With my Pumpkin, she slept horribly from 4 months straight through 9 months. But I remember specifically at the 9 month point that she was up every. 45. minutes. all. night. long! My hubby and I took shifts, and I spent a lot of time sleeping in the glider/recliner when she wouldn't settle down next to me in bed.

Bright side is that after she was about 10 months, things got A LOT easier in the sleep department. Well, by her standards anyway.

I couldn't imagine having to go through that while having an older child.

If I lived anywhere near you, I would insist on coming over one night a week to give you a break, like my SIL did for me when we were going through the 6-month-growth-spurt nursing-every-hour-all-night-long hell. I slept in the basement, waking up once or twice to pump. Hubby stayed in our room to be there when the Pumpkin came in to cosleep. SIL gave the baby bottles of breastmilk when he needed it. I got to sleep in big chunks, and it was pure bliss.

Is there anyone who can give you a night or two to get through this time period?

nej said...

Thanks, ladies. Thanks for the support, the commiseration and the advice.

D tried to get B to sleep for what seemed like an hour but was probably only 20 minutes and she screamed the entire time. With no signs of letting up. So I don't know if that's going to work out for us. And then there's the whole doesn't-take-a-bottle thing, which I admit is totally my fault.

I know it'll change soon and I know that if it doesn't, once we get over this hump, we'll work on it some more. @Cloud is right - this is a terrible time to be trying any sort of sleep "training" and if I wasn't so out of it, I would have realized it without having to have the painfully obvious pointed out to me as if I was four (doh!) I don't know what I was thinking. Ah, I wasn't thinking. Because that requires brain power.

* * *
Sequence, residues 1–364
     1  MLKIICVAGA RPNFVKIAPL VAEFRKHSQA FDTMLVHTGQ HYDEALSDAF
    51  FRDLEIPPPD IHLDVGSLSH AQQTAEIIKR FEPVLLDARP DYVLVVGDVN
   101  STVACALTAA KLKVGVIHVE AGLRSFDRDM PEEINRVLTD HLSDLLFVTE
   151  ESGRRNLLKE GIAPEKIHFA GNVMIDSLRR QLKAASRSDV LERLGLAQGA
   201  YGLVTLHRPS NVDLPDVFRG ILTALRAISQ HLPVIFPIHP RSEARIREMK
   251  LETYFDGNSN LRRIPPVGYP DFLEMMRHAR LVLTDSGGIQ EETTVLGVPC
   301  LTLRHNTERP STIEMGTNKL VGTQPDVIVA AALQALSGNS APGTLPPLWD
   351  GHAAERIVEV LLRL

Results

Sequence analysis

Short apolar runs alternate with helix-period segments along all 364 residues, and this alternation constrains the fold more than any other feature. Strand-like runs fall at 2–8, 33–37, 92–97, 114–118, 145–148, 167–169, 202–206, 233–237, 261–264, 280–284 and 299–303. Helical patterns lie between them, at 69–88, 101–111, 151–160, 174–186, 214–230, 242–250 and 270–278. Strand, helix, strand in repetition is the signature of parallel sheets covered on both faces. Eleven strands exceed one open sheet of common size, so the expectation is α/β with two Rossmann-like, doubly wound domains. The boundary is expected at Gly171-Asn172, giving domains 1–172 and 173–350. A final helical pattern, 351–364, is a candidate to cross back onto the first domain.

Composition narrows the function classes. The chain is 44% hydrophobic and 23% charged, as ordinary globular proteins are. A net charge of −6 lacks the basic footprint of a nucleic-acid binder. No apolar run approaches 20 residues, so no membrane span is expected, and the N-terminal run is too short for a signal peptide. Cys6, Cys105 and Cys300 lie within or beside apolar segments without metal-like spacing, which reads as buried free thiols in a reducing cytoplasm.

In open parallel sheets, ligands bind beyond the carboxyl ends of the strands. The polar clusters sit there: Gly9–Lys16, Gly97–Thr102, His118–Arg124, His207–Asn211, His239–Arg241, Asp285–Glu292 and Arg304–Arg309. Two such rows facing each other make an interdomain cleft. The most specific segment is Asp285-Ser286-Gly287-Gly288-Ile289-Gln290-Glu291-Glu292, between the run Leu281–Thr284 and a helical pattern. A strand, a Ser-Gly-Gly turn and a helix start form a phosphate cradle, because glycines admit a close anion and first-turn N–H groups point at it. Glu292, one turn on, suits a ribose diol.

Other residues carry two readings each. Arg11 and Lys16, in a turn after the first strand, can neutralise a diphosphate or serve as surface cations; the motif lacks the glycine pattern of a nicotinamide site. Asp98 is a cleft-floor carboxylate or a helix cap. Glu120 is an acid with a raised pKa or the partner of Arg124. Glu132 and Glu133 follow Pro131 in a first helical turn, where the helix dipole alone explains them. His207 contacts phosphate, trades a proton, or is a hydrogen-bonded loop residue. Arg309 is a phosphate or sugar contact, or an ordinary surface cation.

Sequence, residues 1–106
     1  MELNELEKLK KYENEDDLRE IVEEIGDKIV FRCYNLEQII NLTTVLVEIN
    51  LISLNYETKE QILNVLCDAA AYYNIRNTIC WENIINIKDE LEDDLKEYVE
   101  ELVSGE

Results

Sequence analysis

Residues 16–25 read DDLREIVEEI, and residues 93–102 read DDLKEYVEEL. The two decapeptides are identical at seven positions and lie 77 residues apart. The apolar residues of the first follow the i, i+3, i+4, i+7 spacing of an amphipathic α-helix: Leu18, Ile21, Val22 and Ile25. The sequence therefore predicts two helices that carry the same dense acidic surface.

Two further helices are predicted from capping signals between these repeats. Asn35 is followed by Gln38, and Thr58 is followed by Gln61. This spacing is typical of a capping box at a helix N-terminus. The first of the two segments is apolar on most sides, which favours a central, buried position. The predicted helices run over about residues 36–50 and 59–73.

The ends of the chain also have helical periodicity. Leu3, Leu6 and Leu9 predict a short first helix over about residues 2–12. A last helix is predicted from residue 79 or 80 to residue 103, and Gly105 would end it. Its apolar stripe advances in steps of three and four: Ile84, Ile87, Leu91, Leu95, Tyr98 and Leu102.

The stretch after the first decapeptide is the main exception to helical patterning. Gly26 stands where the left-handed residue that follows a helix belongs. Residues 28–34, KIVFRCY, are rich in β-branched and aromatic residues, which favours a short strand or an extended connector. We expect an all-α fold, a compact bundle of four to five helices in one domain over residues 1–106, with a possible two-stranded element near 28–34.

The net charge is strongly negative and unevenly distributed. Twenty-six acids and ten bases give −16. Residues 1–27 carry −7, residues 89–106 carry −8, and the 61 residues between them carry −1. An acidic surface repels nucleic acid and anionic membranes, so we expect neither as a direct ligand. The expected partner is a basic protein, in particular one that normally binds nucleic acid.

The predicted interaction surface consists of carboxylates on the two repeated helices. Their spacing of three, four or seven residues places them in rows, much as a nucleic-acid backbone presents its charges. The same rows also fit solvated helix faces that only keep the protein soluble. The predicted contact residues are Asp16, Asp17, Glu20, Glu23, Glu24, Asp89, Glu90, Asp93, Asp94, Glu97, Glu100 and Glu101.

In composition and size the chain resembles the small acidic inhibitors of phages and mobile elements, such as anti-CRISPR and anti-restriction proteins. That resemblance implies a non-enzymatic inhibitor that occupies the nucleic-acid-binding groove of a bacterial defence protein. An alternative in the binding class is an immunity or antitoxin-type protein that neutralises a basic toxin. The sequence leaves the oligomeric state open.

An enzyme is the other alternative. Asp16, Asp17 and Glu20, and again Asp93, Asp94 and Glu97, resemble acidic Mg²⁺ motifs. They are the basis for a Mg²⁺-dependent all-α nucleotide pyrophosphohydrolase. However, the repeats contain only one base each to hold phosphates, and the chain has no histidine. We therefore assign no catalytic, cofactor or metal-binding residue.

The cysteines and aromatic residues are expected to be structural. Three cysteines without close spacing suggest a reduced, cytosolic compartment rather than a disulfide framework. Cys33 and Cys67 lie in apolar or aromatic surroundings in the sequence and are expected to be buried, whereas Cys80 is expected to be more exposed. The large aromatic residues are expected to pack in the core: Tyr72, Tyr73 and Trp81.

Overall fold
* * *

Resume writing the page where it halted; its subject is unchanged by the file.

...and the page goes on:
And @CaraMama, thanks for the offer to come take over for a bit. Just the thought warms my heart and reminds me that I'm in good company.

Cloud said...

Don't be hard on your self. Sleep deprivation turns your brain to swiss cheese.

If B won't take a bottle, I think I'd go the long weekend naps route. Heck, I went that route when Pumpkin was a baby, and she DID take a bottle. Hubby would go out for these mammoth (~2 hour) walks with her. He'd go out right after I nursed her, when it was time for her nap. She'd nap in the stroller, and I'd nap in my bed. I find that I need a good 1.5 hours to really make a difference if I'm as sleep deprived as it sounds like you are.

I'm not sure how it will work with an older kid, too- but I highly recommend it if you can figure out how to do it. I can still remember how great those naps were.

mom2boy said...

Yeah, what they said. Be gentle with yourself. It is a brain frying time. That you can string together a single coherent sentence much less a blog post is more than I could've done when Tate was B's age. And I didn't have a toddler to boot. I'm a wimp. You are wearing your sleep deprivation admirably. Hang in there.

Flo said...

I second mome2boy's comment about the coherent blog post. I'm really impressed with your ability to put words together in the right order like that given the sleep situation.

I do remember that time of no sleep and no time to myself. The hardest time of my life. Ever. You have all my sympathy and I'm cheering for you through cyber-space. It sounds like you're doing so well in such difficult circumstances.

caramama said...

How are you doing? How are things going? Any easier?

nej said...

@caramama - Thank you so much for coming back to check up on me. That is so very sweet of you. B is still not sleeping, and after making a few half-ass attempts at convincing her to do otherwise, I've just given in. It helps when I don't look at the clock and some nights, like last night, she sleeps for a much longer chunk (10:40 till 3something!) and I cling to that with a kung-fun ninja grip as proof that she's eventually going to start sleeping through the night, on her own, with little to no intervention on my part.

caramama said...

Hey, it could happen. You never know. My daughter certainly goes through phases when that happens. :-)